Interview with Rafał Majka: "Motivation is the key"
After a strong start to the season, with fifth place in the UAE Tour general classification, BORA-hansgrohe rider Rafał Majka was ready to cause quite the sensation at the Giro d’Italia. We talked to the 30-year-old about the current situation in cycling and how he is maintaining his fitness.
Rafal, the international racing calendar is currently on hiatus. How do you feel about this situation?
Rafal Majka: I’m at home in Poland at the moment and I am trying to make the best out of the situation. That means that I’m doing a lot of things that I’d otherwise not have time for during the season. So when I'm not training, I spend a lot of time with my family, play with my daughter, work in the garden, or simply take some time to enjoy the spring sun.
You would now be at the altitude training camp preparing for the Giro d'Italia, right?
Majka: That's right, the Giro was my big goal for the first half of the season. My entire preparation was focused on that, and after the altitude training camp, I would have gone to the Tour of the Alps. Since there is currently a break in racing, and it’s not clear when the Giro will be held, I’ve had to change my training.
What does your current training regime look like?
Majka: In Poland, the regulations are very strict, but as a professional athlete I am still allowed to go out for training. I usually ride for three and a half to five hours. At the moment it's just a matter of keeping the legs moving and preserving my shape. I see this break as a type of extended winter break. The season will most likely go much longer into autumn and maybe even into winter - so it makes sense not to push yourself too hard during training now.
You said that the Giro was your first big goal. Is it difficult to motivate yourself if it's not clear when the season will re-start?
Majka: It;s certainly not easy to stay focused. But in any event, I get most of my motivation from cycling itself. By keeping my daily training routines, I can cope with the situation quite well. It would certainly be more difficult if cycling outdoors would no longer be allowed. Then things would look different. But all riders have to cope with these conditions now.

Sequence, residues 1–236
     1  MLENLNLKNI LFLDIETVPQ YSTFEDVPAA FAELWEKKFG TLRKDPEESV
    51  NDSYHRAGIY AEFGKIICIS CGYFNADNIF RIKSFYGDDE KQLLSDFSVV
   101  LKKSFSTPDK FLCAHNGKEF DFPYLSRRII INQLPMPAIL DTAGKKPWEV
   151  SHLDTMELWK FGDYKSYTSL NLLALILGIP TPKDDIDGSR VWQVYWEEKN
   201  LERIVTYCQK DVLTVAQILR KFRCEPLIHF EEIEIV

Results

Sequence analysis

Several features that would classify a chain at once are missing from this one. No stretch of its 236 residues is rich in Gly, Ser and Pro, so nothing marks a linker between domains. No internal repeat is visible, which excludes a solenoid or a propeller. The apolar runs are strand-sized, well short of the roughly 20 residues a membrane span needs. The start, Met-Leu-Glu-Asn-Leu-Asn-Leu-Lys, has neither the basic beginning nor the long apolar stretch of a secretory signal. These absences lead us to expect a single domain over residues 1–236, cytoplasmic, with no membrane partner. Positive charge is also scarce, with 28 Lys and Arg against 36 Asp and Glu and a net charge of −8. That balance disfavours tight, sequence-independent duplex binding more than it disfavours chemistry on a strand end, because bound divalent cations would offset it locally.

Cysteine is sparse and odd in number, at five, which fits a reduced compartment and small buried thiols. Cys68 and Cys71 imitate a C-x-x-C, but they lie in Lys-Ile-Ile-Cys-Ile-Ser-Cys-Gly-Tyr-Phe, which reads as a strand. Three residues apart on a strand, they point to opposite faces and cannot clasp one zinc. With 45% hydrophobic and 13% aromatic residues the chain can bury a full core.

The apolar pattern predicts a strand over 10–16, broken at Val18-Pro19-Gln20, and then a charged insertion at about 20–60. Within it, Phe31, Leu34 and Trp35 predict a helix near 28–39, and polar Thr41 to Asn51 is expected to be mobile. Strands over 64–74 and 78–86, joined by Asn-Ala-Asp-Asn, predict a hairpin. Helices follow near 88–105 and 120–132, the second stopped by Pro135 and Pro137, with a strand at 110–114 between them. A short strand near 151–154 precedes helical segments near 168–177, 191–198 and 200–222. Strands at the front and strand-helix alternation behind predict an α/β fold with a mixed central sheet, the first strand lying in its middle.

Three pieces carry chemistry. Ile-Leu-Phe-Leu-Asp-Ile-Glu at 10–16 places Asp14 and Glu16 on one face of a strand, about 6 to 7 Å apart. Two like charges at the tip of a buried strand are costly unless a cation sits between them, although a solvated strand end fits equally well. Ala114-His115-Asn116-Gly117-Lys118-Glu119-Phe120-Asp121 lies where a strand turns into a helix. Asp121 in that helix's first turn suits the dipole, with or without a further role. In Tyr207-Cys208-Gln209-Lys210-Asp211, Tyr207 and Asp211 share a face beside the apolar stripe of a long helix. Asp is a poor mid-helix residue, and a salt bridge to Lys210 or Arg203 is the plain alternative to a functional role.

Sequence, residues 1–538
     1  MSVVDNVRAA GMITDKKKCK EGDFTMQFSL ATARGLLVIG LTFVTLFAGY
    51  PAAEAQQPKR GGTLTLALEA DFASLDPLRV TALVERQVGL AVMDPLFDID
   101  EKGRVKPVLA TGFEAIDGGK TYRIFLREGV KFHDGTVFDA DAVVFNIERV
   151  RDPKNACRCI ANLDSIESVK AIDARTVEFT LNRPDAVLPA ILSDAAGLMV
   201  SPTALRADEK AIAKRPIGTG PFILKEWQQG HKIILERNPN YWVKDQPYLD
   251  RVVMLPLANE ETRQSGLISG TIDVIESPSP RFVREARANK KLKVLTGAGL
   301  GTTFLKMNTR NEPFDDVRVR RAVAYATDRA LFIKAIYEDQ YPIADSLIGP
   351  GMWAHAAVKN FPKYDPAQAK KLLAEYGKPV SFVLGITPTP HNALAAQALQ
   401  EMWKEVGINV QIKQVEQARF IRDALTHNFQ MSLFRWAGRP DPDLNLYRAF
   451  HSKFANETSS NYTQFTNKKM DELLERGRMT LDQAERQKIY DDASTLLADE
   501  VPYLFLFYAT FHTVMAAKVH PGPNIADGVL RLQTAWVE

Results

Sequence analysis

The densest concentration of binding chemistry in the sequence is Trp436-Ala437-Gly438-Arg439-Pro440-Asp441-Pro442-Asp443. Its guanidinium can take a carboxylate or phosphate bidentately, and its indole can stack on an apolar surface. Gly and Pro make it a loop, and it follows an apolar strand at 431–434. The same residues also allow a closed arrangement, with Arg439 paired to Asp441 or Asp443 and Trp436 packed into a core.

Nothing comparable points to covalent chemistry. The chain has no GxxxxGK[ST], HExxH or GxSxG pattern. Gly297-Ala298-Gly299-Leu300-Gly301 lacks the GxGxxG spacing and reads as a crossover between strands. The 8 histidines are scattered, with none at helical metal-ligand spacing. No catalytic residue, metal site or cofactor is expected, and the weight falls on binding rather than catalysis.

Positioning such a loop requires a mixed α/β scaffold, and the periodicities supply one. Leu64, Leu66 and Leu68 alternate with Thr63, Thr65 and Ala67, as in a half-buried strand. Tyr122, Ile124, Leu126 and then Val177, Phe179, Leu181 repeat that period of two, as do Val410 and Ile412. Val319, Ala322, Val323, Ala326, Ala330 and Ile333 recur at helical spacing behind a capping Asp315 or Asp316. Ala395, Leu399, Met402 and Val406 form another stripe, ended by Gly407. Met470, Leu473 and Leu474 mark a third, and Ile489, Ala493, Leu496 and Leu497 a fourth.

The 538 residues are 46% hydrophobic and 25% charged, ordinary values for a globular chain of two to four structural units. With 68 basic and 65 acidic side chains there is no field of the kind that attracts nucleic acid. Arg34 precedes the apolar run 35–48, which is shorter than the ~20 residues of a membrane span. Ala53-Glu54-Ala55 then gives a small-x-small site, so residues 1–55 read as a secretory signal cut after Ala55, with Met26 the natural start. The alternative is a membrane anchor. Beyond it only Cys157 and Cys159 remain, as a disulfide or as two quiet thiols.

You've already won stages in the Tour de France and were on the podium at the Vuelta. Do you think that your extended experience as a pro rider will help you to get through this situation better?
Majka: That’s a hard question. In principle, every pro rider is in the same boat, whether they’re young or experienced. The key to getting through this break is personal motivation. Because as soon as your mind isn’t in the right place, your form will suffers as well. But if you compare young and experienced cyclists, younger athletes have the advantage that they can get back into shape faster after the break. Fortunately, I'm not old yet, so that shouldn't be a problem for me either [laughs].
What training tip do you have for hobby and amateur cyclists among BORA-hansgrohe’s fan base?
Majka: The most important thing right now is to avoid overdoing it. If you’re allowed to train outside, I recommend doing relaxed rides, so you don't take risks. If you train indoors, you should ride varied sessions on the smart trainer. This is also a good opportunity to do stretching exercises, which many athletes usually miss out on during the season. And in summer, when the restrictions will hopefully be over, you can go all out.
Rafal, thank you very much for the interview!